I confess to luxuriating in the experience in Spring of being woken up ( rather early I'm afraid ) by bubbling Curlews on the surrounding moorland and the metronomic-al reminder by one or more Cuckoos that time is ticking by ! Such was this morning's experience, providing a possible confirmation that Spring has arrived.
Soon after, following a close scrutiny of the grassland moor opposite and adjoining areas, it was apparent that there had been a fall of Northern Wheatears. Usually early May is the time when passage can be dominated by "Greenland" Wheatears, but such was not the case today. Of the birds found only an odd "Greenland" was discovered; by contrast several female Northern Wheatears was present, set against a seeming predominance of male birds in other recent days when, clearly, arrivals had taken place. Gradually the numbers reduced as birds moved northwards along the glen, the migratory imperative still influencing matters.
Because of time constraints and other commitments I decided to do a routine check around the immediate local area. I find this approach, carried out at intervals throughout the year, provides a very useful barometer within which details can be compared from the equivalent period twelve or so months before. Wandering westwards across to the coast and around hill top fields, followed by a similar journey across the grass moor to the east and along the perimeter of the adjacent forestry, gives a good impression of what is around.
Whilst there has been much talk of how late, precisely in some cases, this season appears to be in 2013, looking at past bird records suggests things generally are not far from the norm. What does appear to have occurred is that Spring arrivals have been subject to being influenced by differing weather systems and, therefore, have appeared in a series of "pulses". For example, the wide arrival of Common Whitethroat, Sedge Warbler or Grasshopper Warblers appears not to have been completed and, in the above area, a number of usual territories of each were, as yet, empty. By contrast, particularly compared to last year, Meadow Pipit numbers appear to be buoyant ( good news for Cuckoos! ) and the number of Curlew pairs is higher than in 2012. It was consoling to find at least two pairs of obvious "local" Stonechats in residence, a good indication that their numbers were certainly back to normal, if not in excess, of the level previous to the poor recent winters which had caused reductions. Throughout the period "zips" ( my term ) of Goldfinch went though north, usually just one or two birds together, being returning birds that had sought to spend the winter further south.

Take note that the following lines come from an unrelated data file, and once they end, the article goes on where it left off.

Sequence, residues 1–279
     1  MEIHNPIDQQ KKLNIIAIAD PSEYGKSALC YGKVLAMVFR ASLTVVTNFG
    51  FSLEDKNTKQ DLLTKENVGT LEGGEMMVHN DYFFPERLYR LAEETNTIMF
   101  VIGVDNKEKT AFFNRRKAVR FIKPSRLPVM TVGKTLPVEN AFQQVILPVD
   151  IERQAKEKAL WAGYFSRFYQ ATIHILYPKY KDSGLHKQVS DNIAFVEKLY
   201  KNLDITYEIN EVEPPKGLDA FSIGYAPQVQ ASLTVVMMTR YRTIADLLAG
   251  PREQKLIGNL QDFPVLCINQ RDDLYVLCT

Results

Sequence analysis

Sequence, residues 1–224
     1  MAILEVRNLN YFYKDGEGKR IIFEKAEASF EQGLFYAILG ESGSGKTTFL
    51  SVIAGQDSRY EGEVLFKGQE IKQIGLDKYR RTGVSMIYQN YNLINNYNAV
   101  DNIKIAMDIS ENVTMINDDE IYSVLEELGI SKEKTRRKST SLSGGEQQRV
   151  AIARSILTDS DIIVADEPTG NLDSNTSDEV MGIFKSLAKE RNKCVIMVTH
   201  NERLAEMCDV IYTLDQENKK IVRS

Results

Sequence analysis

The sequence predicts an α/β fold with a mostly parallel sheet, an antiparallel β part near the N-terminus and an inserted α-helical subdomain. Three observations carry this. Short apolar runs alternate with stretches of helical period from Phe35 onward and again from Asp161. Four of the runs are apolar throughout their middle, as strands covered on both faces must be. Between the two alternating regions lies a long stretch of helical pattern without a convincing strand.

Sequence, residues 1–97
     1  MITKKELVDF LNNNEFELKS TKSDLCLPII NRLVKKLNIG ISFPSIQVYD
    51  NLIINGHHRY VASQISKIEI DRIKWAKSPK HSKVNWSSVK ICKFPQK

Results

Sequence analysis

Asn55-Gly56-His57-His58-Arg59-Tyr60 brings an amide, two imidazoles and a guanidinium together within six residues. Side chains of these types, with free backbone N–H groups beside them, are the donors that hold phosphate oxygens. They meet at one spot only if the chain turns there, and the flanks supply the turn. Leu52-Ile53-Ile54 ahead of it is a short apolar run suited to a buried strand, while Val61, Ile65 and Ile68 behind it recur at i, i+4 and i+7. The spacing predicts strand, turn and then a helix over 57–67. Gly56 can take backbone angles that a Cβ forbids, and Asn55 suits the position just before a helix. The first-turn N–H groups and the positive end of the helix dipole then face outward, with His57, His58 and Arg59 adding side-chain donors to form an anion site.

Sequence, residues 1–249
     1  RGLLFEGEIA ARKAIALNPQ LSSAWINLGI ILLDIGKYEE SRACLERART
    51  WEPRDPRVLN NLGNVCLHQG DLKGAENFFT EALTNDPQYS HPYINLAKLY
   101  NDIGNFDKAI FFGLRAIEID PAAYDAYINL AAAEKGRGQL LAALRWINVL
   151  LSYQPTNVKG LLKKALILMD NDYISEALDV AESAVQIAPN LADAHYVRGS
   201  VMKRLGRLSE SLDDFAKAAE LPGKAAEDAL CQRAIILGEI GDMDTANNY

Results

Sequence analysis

Routine perhaps, unexciting, but a useful insight into the local situation and circumstances within the Spring of 2013.